Poland Spring is collaborating with the University of Maine to look into alternative packaging materials derived from Maine woods.

The company said Tuesday that the university’s Forest Bioproducts Research Institute will help “evaluate and develop bio-based solutions” for packaging that the bottling company could use.

“This collaboration serves that important mission, leveraging the expertise of our faculty and staff, and facilitating the engagement of our students in cutting-edge research with important implications for our state and the wider world,” said Joan Ferrini-Mundy, the university’s president, according to a press release.

The goal is to reduce the environmental impact of packaging, part of the Poland-based company’s effort to reduce its environmental footprint, an initiative that already has it using recycled plastics for many of its bottles.

The company, which employs nearly 900 Mainers, said that Poland Spring began working with the University of Maine to assess biomaterial technologies that could serve as alternatives to petroleum-derived, nonrenewable materials following a 2019 bioplastics summit held by the university.

“It’s great to see one of Maine’s strongest brands working with Maine’s flagship research university to look at new opportunities that are beneficial to both the environment and the economy of the state,” Heather Johnson, commissioner of the Maine Department of Economic and Community Development, said in a prepared statement.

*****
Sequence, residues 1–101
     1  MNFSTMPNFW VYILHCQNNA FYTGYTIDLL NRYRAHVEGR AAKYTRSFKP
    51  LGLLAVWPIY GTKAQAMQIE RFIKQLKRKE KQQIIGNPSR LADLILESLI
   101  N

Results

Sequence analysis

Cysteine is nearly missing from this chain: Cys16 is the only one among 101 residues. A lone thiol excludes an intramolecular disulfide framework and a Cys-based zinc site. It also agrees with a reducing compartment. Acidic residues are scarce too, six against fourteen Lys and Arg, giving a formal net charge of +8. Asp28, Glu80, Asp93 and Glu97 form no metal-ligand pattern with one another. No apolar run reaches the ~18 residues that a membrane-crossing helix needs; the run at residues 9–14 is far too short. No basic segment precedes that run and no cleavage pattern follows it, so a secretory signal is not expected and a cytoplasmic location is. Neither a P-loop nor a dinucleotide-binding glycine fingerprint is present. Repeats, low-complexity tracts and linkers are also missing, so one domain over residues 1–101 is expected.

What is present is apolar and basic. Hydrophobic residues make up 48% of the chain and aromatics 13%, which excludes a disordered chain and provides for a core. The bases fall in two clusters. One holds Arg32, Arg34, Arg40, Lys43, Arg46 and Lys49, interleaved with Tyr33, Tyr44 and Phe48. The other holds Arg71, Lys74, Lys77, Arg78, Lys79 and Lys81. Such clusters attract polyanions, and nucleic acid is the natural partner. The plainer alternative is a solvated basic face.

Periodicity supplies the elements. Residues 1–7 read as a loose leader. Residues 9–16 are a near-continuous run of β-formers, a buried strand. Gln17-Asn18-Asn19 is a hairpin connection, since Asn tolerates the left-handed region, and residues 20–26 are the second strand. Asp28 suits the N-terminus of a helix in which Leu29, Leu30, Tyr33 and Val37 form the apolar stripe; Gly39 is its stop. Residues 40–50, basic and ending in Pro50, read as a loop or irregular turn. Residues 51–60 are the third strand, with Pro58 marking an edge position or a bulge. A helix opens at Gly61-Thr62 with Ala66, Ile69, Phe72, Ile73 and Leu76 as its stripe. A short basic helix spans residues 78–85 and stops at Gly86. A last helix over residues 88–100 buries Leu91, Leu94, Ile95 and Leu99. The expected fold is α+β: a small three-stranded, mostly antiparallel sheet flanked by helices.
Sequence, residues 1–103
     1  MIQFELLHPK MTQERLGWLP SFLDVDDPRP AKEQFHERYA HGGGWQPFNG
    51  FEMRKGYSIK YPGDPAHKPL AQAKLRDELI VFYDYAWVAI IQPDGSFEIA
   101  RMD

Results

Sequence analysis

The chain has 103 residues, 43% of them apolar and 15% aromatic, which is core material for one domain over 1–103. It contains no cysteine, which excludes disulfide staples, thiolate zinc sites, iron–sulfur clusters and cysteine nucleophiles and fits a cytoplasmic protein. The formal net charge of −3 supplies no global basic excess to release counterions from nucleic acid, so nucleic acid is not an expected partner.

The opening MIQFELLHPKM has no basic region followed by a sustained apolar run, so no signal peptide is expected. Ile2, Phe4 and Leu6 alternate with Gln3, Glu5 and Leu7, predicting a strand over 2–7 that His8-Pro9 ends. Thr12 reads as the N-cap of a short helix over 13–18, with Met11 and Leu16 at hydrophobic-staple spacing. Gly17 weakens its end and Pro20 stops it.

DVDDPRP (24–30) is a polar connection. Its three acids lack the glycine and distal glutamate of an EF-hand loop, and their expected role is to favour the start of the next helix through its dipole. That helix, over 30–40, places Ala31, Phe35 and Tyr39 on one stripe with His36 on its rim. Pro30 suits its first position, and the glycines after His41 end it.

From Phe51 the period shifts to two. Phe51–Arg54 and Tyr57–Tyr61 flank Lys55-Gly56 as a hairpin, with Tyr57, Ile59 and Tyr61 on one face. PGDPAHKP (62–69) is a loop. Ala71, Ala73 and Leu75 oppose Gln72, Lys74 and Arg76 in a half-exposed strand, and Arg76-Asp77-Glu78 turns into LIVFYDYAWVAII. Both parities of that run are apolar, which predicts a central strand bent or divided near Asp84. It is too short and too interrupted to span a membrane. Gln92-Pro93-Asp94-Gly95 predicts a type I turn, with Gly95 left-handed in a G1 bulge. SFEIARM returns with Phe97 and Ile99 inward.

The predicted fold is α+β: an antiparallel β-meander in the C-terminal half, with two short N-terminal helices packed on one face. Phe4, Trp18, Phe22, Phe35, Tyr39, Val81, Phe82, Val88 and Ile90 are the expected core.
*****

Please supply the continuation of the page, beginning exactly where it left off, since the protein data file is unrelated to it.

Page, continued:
“Any time Maine’s natural resources, the basis of our heritage industries for generations, are looked at with fresh eyes to promote innovation, it is a benefit to the entire state,” she said. “Maine further secures a position in the global economy, and the industry is given an option that is better for the planet. This a great example of a strong private-public partnership.”

David Tulauskas, vice president and chief sustainability officer for Nestlé Waters North America, parent company of Poland Spring, said in a prepared statement that the university “is pioneering new renewable and sustainable wood-based materials and processes that can be used as an alternative to petroleum-derived products, making them the ideal collaborator as we strive for a low-carbon, waste-free future.”

“Their innovative work is already showing how a Maine-based circular economy is possible, and this project will identify additional potential uses for the state’s wood fiber byproducts as sustainable packaging or other products,” he said.

“We look forward to the potential innovative advances in packaging and other sustainability areas that may be enhanced and discovered through this collaboration benefiting the environment, the forest industry and the great state of Maine,” he said.

“The expanded use of forest-based biomass in areas such as packaging, infrastructure, equipment, novel materials and even biofuels is a key development objective for the Maine forest sector, and this initiative between Poland Spring and UMaine is a great start,” Patrick Strauch, executive director of the Maine Forest Products Council, said in a prepared statement.

“Diversifying the uses of Maine-harvested biomass is essential to the growth and sustainability of our state’s forest economy,” Strauch said.

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